Florence Flood, November 4, 1966. View looking to the southwest down Via Nazionale at Via Guelfa toward the Stazione Santa Maria Novella. This photo captured the raw intensity of the events as they developed throughout the morning. Taken around 11:00 a.m., this image depicts a young boy (age fifteen at the time) named Stefano Londi who was attempting to secure a small inflatable raft that he had been using throughout the morning to navigate the rising floodwaters. Mr. Londi, now age sixty-five, was recently identified through a social media campaign and was present to recall his story during the opening of an exhibition of Korab photographs commemorating the fiftieth anniversary of the Florence Flood held at the Tethys Gallery in Florence, Italy, on October 27, 2016. Photo by Balthazar Korab.
    Florence Flood, November 4, 1966. View looking to the southwest down Via Nazionale at Via Guelfa toward the Stazione Santa Maria Novella. This photo captured the raw intensity of the events as they developed throughout the morning. Taken around 11:00 a.m., this image depicts a young boy (age fifteen at the time) named Stefano Londi who was attempting to secure a small inflatable raft that he had been using throughout the morning to navigate the rising floodwaters. Mr. Londi, now age sixty-five, was recently identified through a social media campaign and was present to recall his story during the opening of an exhibition of Korab photographs commemorating the fiftieth anniversary of the Florence Flood held at the Tethys Gallery in Florence, Italy, on October 27, 2016. Photo by Balthazar Korab.

    Blocked by chest-high waters, he backtracked and moved south down Via Ricasoli in the direction of the Piazza del Duomo, ultimately arriving at the heart of the city’s religious center: between the steps of the Cattedrale di Santa Maria del Fiore (or the Duomo) and the Battistero di San Giovanni (the Baptistery of Saint John).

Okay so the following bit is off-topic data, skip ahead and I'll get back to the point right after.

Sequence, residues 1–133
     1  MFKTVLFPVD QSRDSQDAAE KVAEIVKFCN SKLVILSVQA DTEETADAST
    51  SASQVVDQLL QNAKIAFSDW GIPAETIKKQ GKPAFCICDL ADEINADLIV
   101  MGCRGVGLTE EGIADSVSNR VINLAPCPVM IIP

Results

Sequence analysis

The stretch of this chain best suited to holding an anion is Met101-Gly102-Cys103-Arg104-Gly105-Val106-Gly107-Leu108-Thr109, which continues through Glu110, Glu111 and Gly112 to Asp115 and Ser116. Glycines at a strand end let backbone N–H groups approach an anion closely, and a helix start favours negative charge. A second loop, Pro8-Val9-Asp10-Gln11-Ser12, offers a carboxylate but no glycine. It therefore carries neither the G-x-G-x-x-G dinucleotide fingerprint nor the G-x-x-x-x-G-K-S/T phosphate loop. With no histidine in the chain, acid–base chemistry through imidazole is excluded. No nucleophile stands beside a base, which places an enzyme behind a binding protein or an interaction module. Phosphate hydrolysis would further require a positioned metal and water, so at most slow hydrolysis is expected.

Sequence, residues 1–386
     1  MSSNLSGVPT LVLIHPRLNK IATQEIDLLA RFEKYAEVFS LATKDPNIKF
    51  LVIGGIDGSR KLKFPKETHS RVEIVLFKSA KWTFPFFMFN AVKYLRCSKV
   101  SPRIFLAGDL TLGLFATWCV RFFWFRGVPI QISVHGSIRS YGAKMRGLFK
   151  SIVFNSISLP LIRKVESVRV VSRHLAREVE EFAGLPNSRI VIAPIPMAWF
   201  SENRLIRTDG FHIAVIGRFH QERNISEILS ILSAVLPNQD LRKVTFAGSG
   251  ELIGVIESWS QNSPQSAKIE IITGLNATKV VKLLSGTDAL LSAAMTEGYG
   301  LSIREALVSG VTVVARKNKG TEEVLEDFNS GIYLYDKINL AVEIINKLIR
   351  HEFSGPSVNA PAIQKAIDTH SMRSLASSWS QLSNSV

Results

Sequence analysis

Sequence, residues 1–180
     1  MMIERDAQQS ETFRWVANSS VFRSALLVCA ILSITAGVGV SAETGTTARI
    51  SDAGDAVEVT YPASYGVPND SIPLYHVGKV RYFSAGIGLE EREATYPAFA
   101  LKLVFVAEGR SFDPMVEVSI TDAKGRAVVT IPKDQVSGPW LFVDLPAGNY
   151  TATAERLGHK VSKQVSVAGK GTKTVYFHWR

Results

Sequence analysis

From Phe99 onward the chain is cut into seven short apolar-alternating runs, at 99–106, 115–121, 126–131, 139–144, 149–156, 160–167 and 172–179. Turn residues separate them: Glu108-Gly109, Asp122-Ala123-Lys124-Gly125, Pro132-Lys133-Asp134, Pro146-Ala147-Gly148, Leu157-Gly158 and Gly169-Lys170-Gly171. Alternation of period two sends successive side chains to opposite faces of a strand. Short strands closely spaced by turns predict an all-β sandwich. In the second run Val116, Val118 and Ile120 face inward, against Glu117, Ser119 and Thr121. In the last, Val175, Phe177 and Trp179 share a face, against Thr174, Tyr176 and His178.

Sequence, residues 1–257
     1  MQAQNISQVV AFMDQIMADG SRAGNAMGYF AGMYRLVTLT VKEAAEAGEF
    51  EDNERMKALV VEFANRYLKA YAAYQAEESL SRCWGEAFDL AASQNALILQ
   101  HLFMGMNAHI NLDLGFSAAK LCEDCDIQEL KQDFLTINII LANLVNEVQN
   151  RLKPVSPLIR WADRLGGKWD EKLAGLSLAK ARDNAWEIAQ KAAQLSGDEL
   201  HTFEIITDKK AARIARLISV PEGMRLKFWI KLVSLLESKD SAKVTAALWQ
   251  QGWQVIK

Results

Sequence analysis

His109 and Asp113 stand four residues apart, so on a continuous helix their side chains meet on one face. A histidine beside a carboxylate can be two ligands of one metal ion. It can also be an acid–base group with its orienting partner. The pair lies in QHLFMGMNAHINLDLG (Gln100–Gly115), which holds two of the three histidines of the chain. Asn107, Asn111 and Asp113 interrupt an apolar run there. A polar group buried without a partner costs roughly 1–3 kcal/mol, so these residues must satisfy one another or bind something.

Florence Flood, November 4, 1966. View southeast down Via Cesare Battisti toward Piazza della Santissmia Annunziata and the Ospedale degli Innocenti. In an interview with the author in 2008, Korab recalled that he could feel the immense pressure of the frigid water on his torso as he moved through the chest-high waters of the Piazza. Photo by Balthazar Korab.
    Florence Flood, November 4, 1966. View southeast down Via Cesare Battisti toward Piazza della Santissmia Annunziata and the Ospedale degli Innocenti. In an interview with the author in 2008, Korab recalled that he could feel the immense pressure of the frigid water on his torso as he moved through the chest-high waters of the Piazza. Photo by Balthazar Korab.

    Luisa Becherucci, director of the Uffizi; Professor Ugo Procacci, superintendent of fine art for the Florence region; and Umberto Baldini, director of restorations at the Uffizi all met with Korab frequently throughout his documentation of the restorations being undertaken by their respective institutions.[7]

    Florence Flood, November 4, 1966. View southwest down Via Ricasoli at Via degli Alfani toward the Duomo (Basilica of Santa Maria del Fiore). The campanile di Giotto (or Giotto’s bell tower) is visible rising above the basilica at the end of Via Ricasoli as the floodwaters consume a Fiat 500 in the foreground. Photo by Balthazar Korab.
    Florence Flood, November 4, 1966. View southwest down Via Ricasoli at Via degli Alfani toward the Duomo (Basilica of Santa Maria del Fiore). The campanile di Giotto (or Giotto’s bell tower) is visible rising above the basilica at the end of Via Ricasoli as the floodwaters consume a Fiat 500 in the foreground. Photo by Balthazar Korab.